Brazil: Shale gas to drive new capacity wave

21 March 2014 10:03  [Source: ICB]

The US is about to see a massive increase in petrochemical, polymers and derivatives capacity with a wave of new petrochemical projects in the coming years, all on the back of the shale gas boom. US ethylene capacity stands to rise by as much as 51% by 2020, if all the planned new crackers come to fruition.

The new capacities will have major ­implications for the global petrochemical market, including Latin America, as much of the ­additional US production will be targeted for export.

Kevin Swift

“The US is truly experiencing a new wave of investment in chemicals, with more than half of the investment planned in dollar volume representing foreign direct investment”

Kevin Swift
Chief economist, ACC

But it is notable that the first “new” ethane cracker will not be built in the US, but in Mexico. Braskem Idesa, a 75:25 joint venture between Braskem and Mexico’s Grupo Idesa is building a 1.05m tonne/year cracker in Coatzacoalcos, along with downstream polyethylene (PE) units. The project, called Ethylene XXI, is scheduled to start up in the third quarter of 2015.

There are plans for a total of at least 10 new ethane crackers in the US – eight on the US Gulf Coast, and two in the Northeast US. This represents around 12.2m tonnes/year of ethylene capacity, according to an analysis by ICIS.

Seven projects are beyond the feasibility stage and seven groups have announced capacity figures for eight crackers – Chevron Phillips Chemical, Dow Chemical, Exxon-Mobil Chemical, Sasol, Formosa (two crackers), Occidental Chemical/Mexichem and Axiall/Lotte Chemical. Yet to detail capacities are Shell Chemicals and Odebrecht – both of which plan to build in the Northeast US.

In November 2013, officials from Brazil-based industrial conglomerate Odebrecht and the governor of the state of West Virginia ­announced a proposed cracker and three ­polyethylene (PE) units. Capacities were not disclosed.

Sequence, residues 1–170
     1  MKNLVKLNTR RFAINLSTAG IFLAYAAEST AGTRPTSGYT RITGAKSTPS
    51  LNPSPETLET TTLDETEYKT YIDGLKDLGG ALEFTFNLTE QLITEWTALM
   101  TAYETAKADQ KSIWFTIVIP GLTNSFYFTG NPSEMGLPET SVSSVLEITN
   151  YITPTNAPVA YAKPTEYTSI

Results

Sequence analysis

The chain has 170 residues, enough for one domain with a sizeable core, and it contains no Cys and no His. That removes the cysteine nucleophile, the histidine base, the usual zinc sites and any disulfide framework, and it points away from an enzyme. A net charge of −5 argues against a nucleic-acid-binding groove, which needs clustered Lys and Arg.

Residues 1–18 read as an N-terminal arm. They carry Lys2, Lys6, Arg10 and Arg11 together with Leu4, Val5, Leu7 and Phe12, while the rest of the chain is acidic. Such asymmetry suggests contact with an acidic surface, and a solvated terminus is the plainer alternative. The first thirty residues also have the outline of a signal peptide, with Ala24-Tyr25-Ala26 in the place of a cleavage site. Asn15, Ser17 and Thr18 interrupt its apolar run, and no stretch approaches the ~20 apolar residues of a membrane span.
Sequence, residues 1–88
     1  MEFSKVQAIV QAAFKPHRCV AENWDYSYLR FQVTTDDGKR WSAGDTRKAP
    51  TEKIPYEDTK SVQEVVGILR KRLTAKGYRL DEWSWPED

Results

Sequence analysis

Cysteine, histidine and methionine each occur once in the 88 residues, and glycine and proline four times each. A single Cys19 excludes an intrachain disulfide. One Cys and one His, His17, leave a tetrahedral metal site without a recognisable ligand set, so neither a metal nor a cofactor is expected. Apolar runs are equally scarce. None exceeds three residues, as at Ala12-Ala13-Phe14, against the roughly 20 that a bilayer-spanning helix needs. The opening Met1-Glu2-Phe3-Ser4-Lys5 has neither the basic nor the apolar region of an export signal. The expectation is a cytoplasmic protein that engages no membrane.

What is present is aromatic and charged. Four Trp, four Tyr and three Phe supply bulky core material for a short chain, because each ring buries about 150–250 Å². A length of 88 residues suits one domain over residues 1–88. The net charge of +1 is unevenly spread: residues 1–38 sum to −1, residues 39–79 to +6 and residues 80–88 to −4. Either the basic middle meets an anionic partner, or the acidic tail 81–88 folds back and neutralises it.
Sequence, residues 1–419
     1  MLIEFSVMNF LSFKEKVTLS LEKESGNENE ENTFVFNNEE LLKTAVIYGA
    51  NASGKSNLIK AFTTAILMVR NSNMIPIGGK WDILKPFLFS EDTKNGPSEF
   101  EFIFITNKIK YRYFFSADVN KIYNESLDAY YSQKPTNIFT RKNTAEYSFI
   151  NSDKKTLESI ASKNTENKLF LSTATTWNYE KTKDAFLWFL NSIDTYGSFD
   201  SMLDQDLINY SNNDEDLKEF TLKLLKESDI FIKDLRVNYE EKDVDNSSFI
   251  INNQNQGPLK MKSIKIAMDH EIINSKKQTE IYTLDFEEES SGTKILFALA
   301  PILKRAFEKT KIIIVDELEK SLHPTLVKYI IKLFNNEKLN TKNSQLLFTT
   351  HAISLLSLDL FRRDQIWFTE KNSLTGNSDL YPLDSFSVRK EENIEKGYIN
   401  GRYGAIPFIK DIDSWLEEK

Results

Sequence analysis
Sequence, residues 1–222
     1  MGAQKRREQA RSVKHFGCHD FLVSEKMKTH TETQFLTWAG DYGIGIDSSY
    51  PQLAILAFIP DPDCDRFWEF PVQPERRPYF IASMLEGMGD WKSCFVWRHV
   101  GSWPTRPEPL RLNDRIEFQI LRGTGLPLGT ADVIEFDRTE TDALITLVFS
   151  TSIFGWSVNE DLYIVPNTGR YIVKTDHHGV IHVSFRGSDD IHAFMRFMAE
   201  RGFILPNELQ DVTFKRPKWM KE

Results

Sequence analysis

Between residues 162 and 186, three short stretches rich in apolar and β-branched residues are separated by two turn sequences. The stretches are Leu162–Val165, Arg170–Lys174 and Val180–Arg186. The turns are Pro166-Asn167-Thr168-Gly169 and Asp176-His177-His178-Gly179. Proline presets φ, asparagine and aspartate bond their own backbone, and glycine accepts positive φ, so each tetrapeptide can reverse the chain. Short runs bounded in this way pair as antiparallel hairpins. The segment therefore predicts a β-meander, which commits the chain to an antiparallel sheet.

The complex, to be called Ascent (Appalachian Shale Cracker Enterprise) would be built in Wood County, West Virginia. Odebrecht would be responsible for investment and financing. Brazil-based Braskem, in which Odebrecht has a 38% stake and majority ­voting rights, would run the facility and ­market the PE.

In addition to the 10 planned greenfield projects, there are also 10 expansions planned at existing crackers amounting to 1.5m tonnes/year of ethylene capacity – equivalent to one large world-scale cracker.

If all 10 crackers are built and the expansions go through as planned, the US is looking at a massive 51% increase in existing ethylene capacity to over 41m tonnes/year, according to an analysis by ICIS.

But it is not just cracker projects in the works. The US shale gas boom is giving rise to a host of other chemical projects, including those in methanol, fertilizer, polymers, chlor-alkali and others further downstream.

 

Total investment in US chemical projects linked to shale gas has reached $100.2bn (€71.9bn), spanning 148 projects from 2011 to ­February 2014, according to the American Chemistry Council (ACC).

These include new projects as well as expansions, some of which have been completed. This could lead to additional chemical output of $81bn/year for the chemical industry by 2023, the trade group noted.

Planned US shale crackers

ACC chief economist Kevin Swift expects total US chemical investment based on shale gas to reach at least $110bn, comprising up to 175 projects.

And it’s not just US companies that are spearheading the advance. Foreign-based companies are actively participating. “The US is truly experiencing a new wave of investment in chemicals, with more than half of the investment planned in dollar volume representing foreign direct investment,” says Swift. “These have mostly been in bulk petrochemicals, fertilizers and resins. But there will be more announced downstream.”

Much of the downstream investment in the US will go into boosting the production of polymers. US plastics exports are expected to jump from 10-12% of total production a decade ago, and around 20-21% today, to about 35% by 2023, according to Swift.


By: Joseph Chang
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